Upon graduating from college, John toured Europe with a chamber orchestra as a bassoonist, played around the Hollywood area rock clubs with a "New Wave" band, and learned about recording, arrangement, and production techniques by making multitracked demos in his home studio. Frustrated by the shallowness of the LA club scene, John took a job at Disneyland, playing bluegrass mandolin, Dixieland clarinet, and Gypsy-jazz guitar. The rigors of performing 7 sets daily for audiences (with no stage or PA system) honed John's playing chops and performing skills over a period of many years.
In 1985, John met Chris Hillman and after a couple of short tours playing acoustic music together, they decided to form the Desert Rose Band. Quickly signed by Curb/MCA records, the band earned five consecutive #1 singles, two Grammy nominations, three ACM awards, and won the respect of fans, disc jockeys, and fellow musicians alike. During this time, John was voted ACM Guitarist Of The Year for three consecutive years.
By 1990, John felt stifled by the confines of the country format and left the Desert Rose Band to pursue a solo career. Twice he was sidetracked -- first by a one-time-only performance with fellow guitarists Will Ray and Jerry Donahue that grew into a 10 year partnership as the Hellecasters. Described as the "Three Tenors of the Electric Guitar," the humor and jaw-dropping technique of the Hellecasters' music drew the immediate attention of Michael Nesmith, who asked the band to do a CD for his new label in 1992. The resulting CD "Return of the Hellecasters" so impressed the readers of Guitar Player magazine that it was voted both Best Overall Guitar Album as well as Best Country Album of 1993.
The next sidetrack came in the form of a phone call from Elton John, asking John to join Elton's band for an 18-month world tour. Needing a "guitarist who can do lots of harmony vocals," Elton ended up getting much more, as John contributed not only guitar and vocals, but also mandolin, pedal steel guitar, and saxophone to his live shows and CD’s. 18 months stretched into 6 years, and John still planned to pursue a solo career....
Unable to postpone it any longer, John left Elton’s band to devote himself entirely to promoting his own music. 1999 saw the release of John’s first true solo effort -- "Emotional Savant." An eclectic offering, the album highlights many of John’s musical influences melded together in a well-crafted pop format. British rock guitar supports California vocal harmonies, with Celtic and gypsy-jazz guitars bringing spice to the personal nature of John’s lyrics. The album testifies to John's skills as a solo artist: John played nearly all the instruments on the album. Additionally, John wrote the music and lyrics, and produced, arranged, engineered, and mixed the album, and even designed the CD artwork.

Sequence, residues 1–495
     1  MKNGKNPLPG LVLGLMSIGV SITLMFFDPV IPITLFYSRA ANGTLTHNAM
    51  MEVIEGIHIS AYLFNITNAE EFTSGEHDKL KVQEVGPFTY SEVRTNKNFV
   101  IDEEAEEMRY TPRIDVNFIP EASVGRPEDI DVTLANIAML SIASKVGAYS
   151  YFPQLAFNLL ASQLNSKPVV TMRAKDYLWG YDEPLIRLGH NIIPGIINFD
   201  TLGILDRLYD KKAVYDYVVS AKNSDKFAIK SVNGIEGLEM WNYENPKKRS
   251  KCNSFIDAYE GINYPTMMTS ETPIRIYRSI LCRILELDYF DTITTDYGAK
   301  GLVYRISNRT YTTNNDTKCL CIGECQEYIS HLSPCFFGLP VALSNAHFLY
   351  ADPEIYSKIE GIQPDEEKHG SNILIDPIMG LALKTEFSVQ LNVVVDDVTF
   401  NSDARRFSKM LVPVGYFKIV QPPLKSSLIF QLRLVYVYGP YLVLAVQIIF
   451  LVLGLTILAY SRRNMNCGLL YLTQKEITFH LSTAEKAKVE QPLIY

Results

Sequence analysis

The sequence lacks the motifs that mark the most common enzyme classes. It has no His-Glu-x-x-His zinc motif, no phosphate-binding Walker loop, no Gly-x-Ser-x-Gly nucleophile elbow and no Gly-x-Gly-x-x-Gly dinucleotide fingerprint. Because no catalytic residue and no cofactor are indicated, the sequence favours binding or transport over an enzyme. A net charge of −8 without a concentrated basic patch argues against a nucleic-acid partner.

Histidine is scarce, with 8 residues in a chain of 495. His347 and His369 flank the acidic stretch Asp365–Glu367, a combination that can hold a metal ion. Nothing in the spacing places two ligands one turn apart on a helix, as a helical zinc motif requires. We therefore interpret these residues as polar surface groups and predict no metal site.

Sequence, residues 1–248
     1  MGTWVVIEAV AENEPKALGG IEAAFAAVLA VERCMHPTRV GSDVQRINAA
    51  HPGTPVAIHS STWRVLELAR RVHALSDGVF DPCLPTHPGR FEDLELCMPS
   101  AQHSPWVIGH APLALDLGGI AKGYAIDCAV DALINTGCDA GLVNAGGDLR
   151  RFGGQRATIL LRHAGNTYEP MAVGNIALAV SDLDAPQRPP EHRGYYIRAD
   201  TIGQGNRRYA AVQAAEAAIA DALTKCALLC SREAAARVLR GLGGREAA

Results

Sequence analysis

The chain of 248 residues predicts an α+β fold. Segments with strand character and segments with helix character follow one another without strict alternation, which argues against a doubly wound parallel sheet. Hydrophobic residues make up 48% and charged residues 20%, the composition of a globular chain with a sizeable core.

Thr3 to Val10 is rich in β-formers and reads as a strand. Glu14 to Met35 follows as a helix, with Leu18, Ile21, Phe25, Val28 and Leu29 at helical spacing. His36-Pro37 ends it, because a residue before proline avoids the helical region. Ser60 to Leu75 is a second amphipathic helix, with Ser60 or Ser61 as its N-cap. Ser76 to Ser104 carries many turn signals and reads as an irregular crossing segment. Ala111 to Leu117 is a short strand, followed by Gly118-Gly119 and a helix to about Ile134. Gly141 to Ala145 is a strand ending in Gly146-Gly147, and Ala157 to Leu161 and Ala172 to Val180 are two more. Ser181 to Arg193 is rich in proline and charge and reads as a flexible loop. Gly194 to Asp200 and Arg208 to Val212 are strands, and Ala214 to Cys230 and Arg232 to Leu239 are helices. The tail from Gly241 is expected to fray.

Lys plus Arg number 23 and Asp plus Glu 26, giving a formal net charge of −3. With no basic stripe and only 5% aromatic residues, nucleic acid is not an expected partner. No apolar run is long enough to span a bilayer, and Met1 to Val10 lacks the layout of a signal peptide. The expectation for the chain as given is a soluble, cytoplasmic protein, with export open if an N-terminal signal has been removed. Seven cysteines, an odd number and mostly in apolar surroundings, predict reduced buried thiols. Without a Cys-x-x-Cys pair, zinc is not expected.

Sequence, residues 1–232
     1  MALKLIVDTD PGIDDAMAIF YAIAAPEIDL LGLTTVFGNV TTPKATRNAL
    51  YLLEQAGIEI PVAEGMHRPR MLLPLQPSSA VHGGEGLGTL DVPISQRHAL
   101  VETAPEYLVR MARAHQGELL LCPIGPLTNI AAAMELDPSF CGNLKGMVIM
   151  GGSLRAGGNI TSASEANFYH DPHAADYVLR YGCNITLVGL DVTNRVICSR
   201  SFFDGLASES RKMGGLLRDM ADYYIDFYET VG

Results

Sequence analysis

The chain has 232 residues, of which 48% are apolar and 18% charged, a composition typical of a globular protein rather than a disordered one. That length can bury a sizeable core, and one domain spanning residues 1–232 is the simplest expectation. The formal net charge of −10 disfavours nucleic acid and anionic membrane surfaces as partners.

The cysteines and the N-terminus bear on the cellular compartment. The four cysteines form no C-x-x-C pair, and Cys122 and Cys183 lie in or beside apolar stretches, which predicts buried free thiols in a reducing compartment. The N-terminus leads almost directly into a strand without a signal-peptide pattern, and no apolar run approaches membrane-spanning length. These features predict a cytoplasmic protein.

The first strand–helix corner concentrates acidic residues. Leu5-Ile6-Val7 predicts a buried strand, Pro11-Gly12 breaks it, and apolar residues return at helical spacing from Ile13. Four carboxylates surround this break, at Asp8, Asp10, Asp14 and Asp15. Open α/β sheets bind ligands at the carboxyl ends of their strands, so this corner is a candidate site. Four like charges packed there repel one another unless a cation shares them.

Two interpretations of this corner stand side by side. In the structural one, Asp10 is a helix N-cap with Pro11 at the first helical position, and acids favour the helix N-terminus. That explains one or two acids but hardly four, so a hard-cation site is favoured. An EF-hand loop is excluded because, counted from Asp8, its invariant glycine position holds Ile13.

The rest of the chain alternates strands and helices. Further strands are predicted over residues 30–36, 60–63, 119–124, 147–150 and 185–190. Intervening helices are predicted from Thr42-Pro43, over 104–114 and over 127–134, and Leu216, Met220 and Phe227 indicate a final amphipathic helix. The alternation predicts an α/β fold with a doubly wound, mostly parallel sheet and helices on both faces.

To promote the CD, John assembled a band of friends and A-list musicians: Elton John bandmate Charlie Morgan, a "drummer’s drummer" who has played with Sir Paul McCartney among others; Glasgow based bassist Alan Thomson, whose work with Rick Wakeman and John Martyn is stellar; the multi-talented Jeff Ross, former Badfinger member who contributes keyboards, guitar, and vocals. The diverse skills of these musicians allows John to include material from all phases of his career, which he enthusiastically does in his current shows. (For more information about the John Jorgenson & Friends band, click here.)
"When did John find time to play with all the other artists listed in his discography?" From 1986 onwards he has had a very active career as an "A team" session musician in Los Angeles, Nashville, and London, and has worked on many TV shows and movies over the years.
With all these accomplishments and accolades, is there one thing that John is most personally proud of? John says that his biggest honor has been to have his composition "Back on Terra Firma" performed live at the Closing Ceremonies of the 2000 Olympics in Sydney, Australia... at least that is his favorite achievement so far!